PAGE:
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The leading person in this was Mr Charles Williams, who came to Levin in 1889, becoming the licensee of the Weraroa Hotel.

Photo at left shows the Weraroa Hotel, destroyed by fire some time in 1910. The licence then moved to the Grand Hotel which itself was destroyed by fire in 1981.

This was sited where the Weraroa dairy is now on the corner of Oxford and Ward Streets. It was a two storied timber building erected in 1895 and was destroyed by fire on March 15, 1912.

The Grand Hotel was then built using the liquor licence from the Weraroa Hotel. Regulations then in force restricted the transfer of a licence more than a half mile.

As the Grand Hotel, this hotel was gutted by fire in 1981 and now Cobb & Co occupy the site.

Charlie Williams was the licensee of the Weraroa Hotel until 1903 when he bought the general store business on the opposite corner, conducting this business, until an unknown date. This shop was a grocery business conducted by various proprietors (except for between 1922 and about 1926 when Mr Harold Hudson used it for his wheelwright business) until 1978 when it was destroyed by fire.

Stood for Mayor

Charlie Williams stood for Mayor of the newly constituted Levin Borough in 1906 and was apparently promised large support. He suffered from a speech affliction. On being defeated he addressed the gathering thus: “All I ccc…can ssssa…say is there’s ttt…two hhh…hundred bbb…---dt I…ll…liars in Levin.”

The official count showed that he had 120 faithful supporters. Mr B.R. Gardener polled 256 votes and Mr John Davies polled 129. Charlie Williams however succeeded in 1907 to be elected a borough councillor.

For some years there had been talk that there was gold in the Tararua Ranges, fostered to a large extent by Charlie Williams who claimed that he had been involved in mining and engineering on the West Coast of the South Island, possessing a mine manager’s certificate of competency and also a mine surveyor's certificate.

At the time a Horowhenua Development Association existed, which avidly promoted the prospecting proposal. A company was formed, the Horowhenua Mineral Prospecting association. Mr James Malcomb was chairman with Messrs B.R. Gardener, E. Lancaster, J McCleavey, W. Palmer, Dr. McKenzie and C. Williams as secretary.

The public was asked to subscribe to 400 $2 shares.

Enthusiasm high

Enthusiasm was high at first with call up of 25 cents a share. Three hundred and seventy shares had been sold, but the next call for cash experienced some difficulty. Enthusiasm was waning.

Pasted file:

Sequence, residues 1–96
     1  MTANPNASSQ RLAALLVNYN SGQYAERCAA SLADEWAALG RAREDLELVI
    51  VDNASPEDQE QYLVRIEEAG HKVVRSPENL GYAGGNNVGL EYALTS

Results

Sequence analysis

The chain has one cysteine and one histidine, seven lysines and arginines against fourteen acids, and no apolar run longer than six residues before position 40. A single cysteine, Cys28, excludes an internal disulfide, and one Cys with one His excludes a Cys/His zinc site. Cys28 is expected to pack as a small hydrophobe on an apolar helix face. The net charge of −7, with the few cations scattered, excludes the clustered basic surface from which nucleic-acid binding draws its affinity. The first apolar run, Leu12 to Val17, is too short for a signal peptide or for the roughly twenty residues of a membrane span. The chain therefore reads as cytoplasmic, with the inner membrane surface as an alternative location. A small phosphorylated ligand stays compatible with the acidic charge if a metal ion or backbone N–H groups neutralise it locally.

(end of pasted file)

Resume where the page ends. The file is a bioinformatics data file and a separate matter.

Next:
Many letters were published in the Chronicle against the prospecting proposal. Some people were of the opinion that the Tararua Ranges were not mineral country. One writer, Plum Pie, in several letters was critical of Charlie Williams’ competency as a miner and his ability to collect 5 percent commission on the call up cash. Plum Pie claimed the commission should not be paid until the shares were fully paid up. He also said that there was no more gold in the ranges than there was coal in Horowhenua Lake.

Subsidy granted

The Government was asked for a subsidy and after a deputation and many letters a subsidy was granted of $2 a week per man for a team of five men for three months.

It was resolved to send a prospecting party into the Tararua Ranges. The Horowhenua Chronicle of March 12, 1912 reported the following.

Off to the ranges

This morning shortly after 11am Mr C. Williams and Mr E. Edgar, who have been selected by the Horowhenua Prospecting Association to prospect the Tararua Ranges for minerals, set out from Levin on their expedition. Only a few citizens were present on the Square when the party left and the official promise of the band to play the prospectors off was not fulfilled, but Mr W.C. Nation, one of the oldest settlers, took the opportunity to say a few words.

He said “The question of prospecting the ranges had been mooted for years but nothing effective had transpired until now when a community had subscribed sufficient funds to send out two men prospecting the ranges. He believed there were minerals in the ranges whether coal or gold and he heartily wished the explorers success.”

The prospectors then walked to Mr Milne’s residence and from whence he drove them by way of Gladstone Road to the Ohau where they will pitch camp for the evening. It is understood they will work their way to the Mangahao Stream. Mr Williams hopes to return for a day to Levin in a fortnight’s time and report progress.

On April 1 the party returned after three weeks. They had camped at the Ohau River taking seven hours to get there. There were no reports of minerals. They returned to their camp in the Ohau River with fresh provisions on April 1.

After a total of seven weeks prospecting the party returned, with only vague reports of success though. Later, Charlie Williams claimed that an assay done on samples sent to the Thames School of Mines proved $2.40 to the ton. He also did some prospecting at the head of the Otaki River with no success.